April 25th, 2012
Workplace Bullying is not incivility or mere disrespect
What’s in a name? Plenty of power to change.
We at WBI have long recognized that bullied targets cannot even begin to reverse their situation until they acknowledge that their work lives have been severely interrupted by the bullying. They have to name this “thing” that is happening so there is a reason to take action.
Call it workplace bullying or abusive conduct or psychological violence or workplace aggression or mobbing or personal harassment, but call it something other than acceptable behavior (e.g., just management “style” or “personality clash”). Give it a strong name to match the seriousness of the impact on your life.
Bullying triggers many stress-related health problems (cardiovascular, gastrointestinal and immunological disorders and affects the brain with changes in cortical volume that affects all behavior), emotional injuries (clinical depression, PTSD), strain on social relationships (exclusion, estrangement, abandonment), economic damages (demotions, termination), threats to one’s personal identity, as well as a sense of injustice and betrayal.
Bullying of adults in the workplace is NOT about a raised eyebrow or a person’s overreaction to small incidents. The media and anti-anti-bullying drones want to convince the public that the workplace bullying movement is over-hyped.
In reality, the opposite is true. We are outraged that this lone form of abuse is not yet taboo in our society. All forms of abuse are now deemed unacceptable — child abuse, domestic violence, bullying in schools. Bullying of adults by adults is a serious form of non-physical violence considered “normal.”
Workplace incivility and disrespect, like bullying, are negative behaviors. However, they are milder, both in how they manifest themselves and how they affect the recipient’s health. They pale in comparison to bullying, which has more in common with violence than either incivility or disrespect.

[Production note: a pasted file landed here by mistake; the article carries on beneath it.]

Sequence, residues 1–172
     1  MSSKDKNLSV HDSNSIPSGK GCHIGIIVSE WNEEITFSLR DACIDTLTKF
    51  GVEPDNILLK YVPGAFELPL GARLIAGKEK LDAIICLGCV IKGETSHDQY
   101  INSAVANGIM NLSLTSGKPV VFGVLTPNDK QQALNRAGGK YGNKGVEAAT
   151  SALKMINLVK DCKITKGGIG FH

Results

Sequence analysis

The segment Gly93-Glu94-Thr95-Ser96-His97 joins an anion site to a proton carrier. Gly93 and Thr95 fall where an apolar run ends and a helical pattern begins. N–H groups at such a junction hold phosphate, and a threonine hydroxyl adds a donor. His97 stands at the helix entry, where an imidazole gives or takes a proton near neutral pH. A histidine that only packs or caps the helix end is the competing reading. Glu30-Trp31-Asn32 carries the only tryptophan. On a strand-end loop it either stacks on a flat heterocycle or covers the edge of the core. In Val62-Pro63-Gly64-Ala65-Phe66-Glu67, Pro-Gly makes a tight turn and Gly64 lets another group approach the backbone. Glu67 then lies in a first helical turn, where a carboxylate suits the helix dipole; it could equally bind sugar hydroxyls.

We had to laugh when we read the announcement from a training company just entering the business of bullying intervention when it told employers to “Stop Workplace Bullying with Incivility Training.” Oops. A mismatch between problem and solution. Teaching civil actions will not scrape the surface of the root problems that enable bullying to thrive.
So, beware of euphemisms substituted for workplace bullying. Defenders of the status quo hate the term “bully” and “bullying” because both conjure instantly for most people that wrongs have been committed. Conflict resolving types are uncomfortable with blaming anyone or anything for negative events.
The desire to dance around a topic without honestly naming it blocks effective action. The longer bullied targets blame themselves for the pain actually caused by their bullies, the more harm they suffer. The longer an employer toys with incivility when, in fact, bullying is operating, the more employees suffer.
Employers content with “just doing something” postpone the inevitable. Tackle workplace bullying directly or risk erosion of profits, productivity, employee health and the ability to recruit and retain the best talent. We know this sounds blunt, but euphemisms exist to soften the blow to tender sensibilities offended by truth. Don’t buy into the distortions.
How is this done at a global level? Consider the massacre of up to 1.5 million Armenians by the Turks (then called the Ottomans) begun on April 24, 1915, lasting 3 years. Armenians, including women (who were raped) and children, were marched to their deaths in the desert of Syria. Only 21 nations formally recognize the genocide as genocide. It was a holocaust second only to the Jewish Holocaust by the Nazis. The U.S., through the president, officially refers to the genocide as “atrocities,” while 43 states have separately declared it genocide.
Is there power in naming? You bet. Solutions, and in the case of the Armenian genocide, outrage commensurate with the wrongdoing depend on it. To understate denies the affected individuals a legitimate label for what is happening to them, thus delegitimizing (scoffing at) them.
Let’s honestly call things what they truthfully are and get out of the middle of the road!
This entry was posted on Wednesday, April 25th, 2012 at 9:22 am and is filed under Related Phenomena, Tutorials About Bullying. You can follow any responses to this entry through the RSS 2.0 feed. You can leave a response, or trackback from your own site.